le 16 octobre 2007
Discovered at an amateur jazz outing in Toronto when she was 20, Sophie Milman is now 24 and a hot ticket with a new album, "Make Someone Happy".
Having been born in Russia, Sophie spent most of her early years living in Israel, moving at the age of 16 to Canada, which is now her "home", and where she made the unlikely transition from bookish teenager to glamorous jazz ingénue.
She still has an aunt and uncle, and some more distant family living in Israel, whilst the rest of her close family are in Moscow.
Since the release of her debut album "Sophie Milman", Milman has matured somewhat.
"Make Someone Happy" was recorded in Toronto with producer Steve MacKinnon (Molly Johnson, Serena Ryder), and features a very eclectic mix of songs, ranging from classic jazz standards such as Van Heusen and Burke's "Like Someone in Love", Rodgers and Hammerstein's ""t Might as Well Be Spring" to contemporary covers such as Stevie Wonder's "Rocket Love" and the Guess Who's covers of the Guess Who's "Undun" featuring Randy Bachman on guitar, and the classic "(It's Not Easy) Bein' Green", recorded by Ray Charles.
"It's a lot more retrospective and personal," she says. "I was satisfied with the first album because I hadn't been in a studio before, or had any kind of experience. But this album is all about my life and feelings, and every song has a personal connotation to me".
Sophie has a very pleasing low, bassy, and sultry voice - very suitable for singing jazz - and a confident manner in which she approaches each song. However, she does have a tendency to end her phrases with an overused playful vibrato which is somewhat anti-jazz in style but still very effective in a Marilyn Monroe-esque manner.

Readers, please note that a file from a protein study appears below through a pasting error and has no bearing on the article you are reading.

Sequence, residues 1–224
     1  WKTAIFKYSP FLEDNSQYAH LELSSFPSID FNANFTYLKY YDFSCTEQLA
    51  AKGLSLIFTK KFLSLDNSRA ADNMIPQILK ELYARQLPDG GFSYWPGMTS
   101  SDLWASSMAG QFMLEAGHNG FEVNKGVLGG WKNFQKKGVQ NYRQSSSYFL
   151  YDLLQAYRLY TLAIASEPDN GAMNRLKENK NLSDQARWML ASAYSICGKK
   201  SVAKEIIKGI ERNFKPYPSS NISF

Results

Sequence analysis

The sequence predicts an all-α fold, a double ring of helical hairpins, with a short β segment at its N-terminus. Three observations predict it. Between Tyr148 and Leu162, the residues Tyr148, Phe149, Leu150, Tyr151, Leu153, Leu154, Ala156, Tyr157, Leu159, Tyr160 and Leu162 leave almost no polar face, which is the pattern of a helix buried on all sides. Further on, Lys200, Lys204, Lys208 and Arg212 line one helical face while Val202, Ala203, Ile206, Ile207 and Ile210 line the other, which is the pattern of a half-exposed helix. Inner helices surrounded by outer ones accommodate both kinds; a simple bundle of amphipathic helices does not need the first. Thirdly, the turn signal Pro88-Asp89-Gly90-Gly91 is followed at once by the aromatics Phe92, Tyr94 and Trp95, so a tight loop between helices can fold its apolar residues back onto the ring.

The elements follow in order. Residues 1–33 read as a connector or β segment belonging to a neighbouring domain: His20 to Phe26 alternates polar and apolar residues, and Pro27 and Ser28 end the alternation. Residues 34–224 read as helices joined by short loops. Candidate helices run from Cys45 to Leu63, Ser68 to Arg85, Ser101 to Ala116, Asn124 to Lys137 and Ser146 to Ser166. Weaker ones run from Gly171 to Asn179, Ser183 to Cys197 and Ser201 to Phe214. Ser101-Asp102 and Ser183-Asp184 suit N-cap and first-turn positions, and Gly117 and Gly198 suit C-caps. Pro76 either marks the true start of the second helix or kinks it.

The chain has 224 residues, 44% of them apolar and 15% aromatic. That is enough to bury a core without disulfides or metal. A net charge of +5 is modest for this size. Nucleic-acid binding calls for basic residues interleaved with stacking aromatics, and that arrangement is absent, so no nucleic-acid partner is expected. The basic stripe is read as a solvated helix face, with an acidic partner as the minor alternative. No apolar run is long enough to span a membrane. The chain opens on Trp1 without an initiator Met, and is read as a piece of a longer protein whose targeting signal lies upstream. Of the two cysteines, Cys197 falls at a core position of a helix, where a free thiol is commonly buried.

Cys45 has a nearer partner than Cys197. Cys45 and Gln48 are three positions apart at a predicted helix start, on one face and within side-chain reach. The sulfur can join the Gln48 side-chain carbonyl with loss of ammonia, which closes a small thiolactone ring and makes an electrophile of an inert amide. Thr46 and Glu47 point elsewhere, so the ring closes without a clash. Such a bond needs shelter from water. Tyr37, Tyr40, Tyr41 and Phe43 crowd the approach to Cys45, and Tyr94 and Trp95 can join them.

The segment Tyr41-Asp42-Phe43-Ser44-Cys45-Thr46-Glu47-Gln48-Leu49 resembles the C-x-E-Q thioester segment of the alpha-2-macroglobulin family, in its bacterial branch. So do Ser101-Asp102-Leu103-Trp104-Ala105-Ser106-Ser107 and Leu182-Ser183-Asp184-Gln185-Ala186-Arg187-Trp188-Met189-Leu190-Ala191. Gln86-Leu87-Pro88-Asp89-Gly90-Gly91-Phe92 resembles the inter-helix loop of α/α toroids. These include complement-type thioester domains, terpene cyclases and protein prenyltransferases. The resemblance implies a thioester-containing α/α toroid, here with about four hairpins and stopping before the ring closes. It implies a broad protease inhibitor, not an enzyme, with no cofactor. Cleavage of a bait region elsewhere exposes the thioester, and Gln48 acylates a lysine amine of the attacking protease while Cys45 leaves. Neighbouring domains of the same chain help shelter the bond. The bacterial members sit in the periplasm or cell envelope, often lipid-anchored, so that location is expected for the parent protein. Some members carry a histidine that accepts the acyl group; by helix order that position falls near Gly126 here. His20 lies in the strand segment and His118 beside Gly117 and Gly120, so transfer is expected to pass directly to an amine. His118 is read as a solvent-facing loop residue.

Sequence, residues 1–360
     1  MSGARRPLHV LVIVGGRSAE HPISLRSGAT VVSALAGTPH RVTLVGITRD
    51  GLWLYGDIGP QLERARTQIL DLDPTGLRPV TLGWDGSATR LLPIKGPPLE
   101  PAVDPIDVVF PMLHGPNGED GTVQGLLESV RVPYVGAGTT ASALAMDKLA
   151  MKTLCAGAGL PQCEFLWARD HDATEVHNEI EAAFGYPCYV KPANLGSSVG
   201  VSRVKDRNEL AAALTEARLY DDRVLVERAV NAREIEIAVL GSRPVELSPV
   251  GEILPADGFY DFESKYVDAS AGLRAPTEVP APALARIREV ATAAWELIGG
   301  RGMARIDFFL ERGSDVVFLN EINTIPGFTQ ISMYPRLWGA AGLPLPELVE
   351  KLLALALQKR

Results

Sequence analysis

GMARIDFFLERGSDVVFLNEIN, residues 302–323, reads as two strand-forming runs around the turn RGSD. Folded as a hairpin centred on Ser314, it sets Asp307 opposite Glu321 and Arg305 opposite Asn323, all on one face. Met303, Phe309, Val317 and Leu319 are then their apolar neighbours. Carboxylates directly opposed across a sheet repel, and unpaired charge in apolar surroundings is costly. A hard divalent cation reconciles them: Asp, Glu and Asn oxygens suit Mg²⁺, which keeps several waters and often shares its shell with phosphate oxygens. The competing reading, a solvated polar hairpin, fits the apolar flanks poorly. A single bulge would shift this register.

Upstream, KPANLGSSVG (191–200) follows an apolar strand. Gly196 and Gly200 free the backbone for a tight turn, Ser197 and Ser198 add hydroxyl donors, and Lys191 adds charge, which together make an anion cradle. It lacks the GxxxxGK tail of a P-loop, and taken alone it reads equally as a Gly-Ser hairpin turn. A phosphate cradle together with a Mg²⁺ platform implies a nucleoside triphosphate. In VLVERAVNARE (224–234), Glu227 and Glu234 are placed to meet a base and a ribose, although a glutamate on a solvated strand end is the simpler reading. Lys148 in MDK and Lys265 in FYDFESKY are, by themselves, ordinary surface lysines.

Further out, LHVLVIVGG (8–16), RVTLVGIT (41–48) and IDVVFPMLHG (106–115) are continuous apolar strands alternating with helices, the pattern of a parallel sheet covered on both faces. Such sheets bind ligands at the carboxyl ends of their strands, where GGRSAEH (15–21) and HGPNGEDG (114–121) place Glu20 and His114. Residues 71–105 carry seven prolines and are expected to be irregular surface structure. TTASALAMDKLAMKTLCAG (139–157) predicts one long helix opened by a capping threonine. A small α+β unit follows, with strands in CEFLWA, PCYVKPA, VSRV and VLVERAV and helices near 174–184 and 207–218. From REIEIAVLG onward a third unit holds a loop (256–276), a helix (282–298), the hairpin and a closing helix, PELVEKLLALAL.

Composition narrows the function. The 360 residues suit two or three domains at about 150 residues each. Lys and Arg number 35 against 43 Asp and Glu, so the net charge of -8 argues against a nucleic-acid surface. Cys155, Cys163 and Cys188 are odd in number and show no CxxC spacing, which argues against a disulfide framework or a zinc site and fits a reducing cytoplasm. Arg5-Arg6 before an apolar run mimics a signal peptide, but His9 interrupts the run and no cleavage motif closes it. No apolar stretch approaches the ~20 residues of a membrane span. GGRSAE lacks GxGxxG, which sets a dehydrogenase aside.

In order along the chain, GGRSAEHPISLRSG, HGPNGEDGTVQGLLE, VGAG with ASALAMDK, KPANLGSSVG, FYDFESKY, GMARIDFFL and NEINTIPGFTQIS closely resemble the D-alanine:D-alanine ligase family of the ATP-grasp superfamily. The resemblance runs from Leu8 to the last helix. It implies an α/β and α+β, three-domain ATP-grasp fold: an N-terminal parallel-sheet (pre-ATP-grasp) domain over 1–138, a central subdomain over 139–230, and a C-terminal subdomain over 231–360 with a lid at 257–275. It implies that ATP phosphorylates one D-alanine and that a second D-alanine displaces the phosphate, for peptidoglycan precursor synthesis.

With this CD she continues her whirlwind and lucky career as one of the music industry's young jazz vocalists.
One of my favourite tracks is her version of "Undone" .
Interestingly, the legendary Randy Bachman of the Guess Who was invited and accepted to play on this song for Sophie.
Her take of "Fever" doesn't hold up to the original recording by Peggy Lee. Sophie's version has a sense of being over-arranged with too many tempo changes which in effect results in a loss of the bluesy grit which is so satisfying on the original version.
Another highlight is "It Might as Well Be Spring", where Sophie swings joyously with nice, very pleasing effect.
le 6 juillet 2011
This is the first album I have purchased of Sophie Millman. I am enjoying it trememdously. Her voice is smooth and velvety, the choice of songs is in line with my preference for melow jazz, and I don't tire of listening to it over and over again. This has become one of my favourite albums.
le 28 mars 2012
Don't waste your money or your time! Doesn't even deserve 1 star, except for the great musicians playing with her. Two things wrong with this "singer": 1. She has ABSOLUTELY NO idea what the words MEAN in the songs she sings. She puts inflections in all the wrong places in EVERY SONG! 2. This "pretender" has the WORST, un-schooled tremolo "shake" (it's certainly NOT a vibrato anyway). Her only saving grace is her somewhat good looks. I have no idea why they keep playing her on the radio! She can't compare to great Canadian female jazz vocalists like Emilie-Claire Barlow or Diana Panton, Carol Welsman, or a host of others. Every time I hear millman on the radio, I have to change channels - or turn it off - FAST!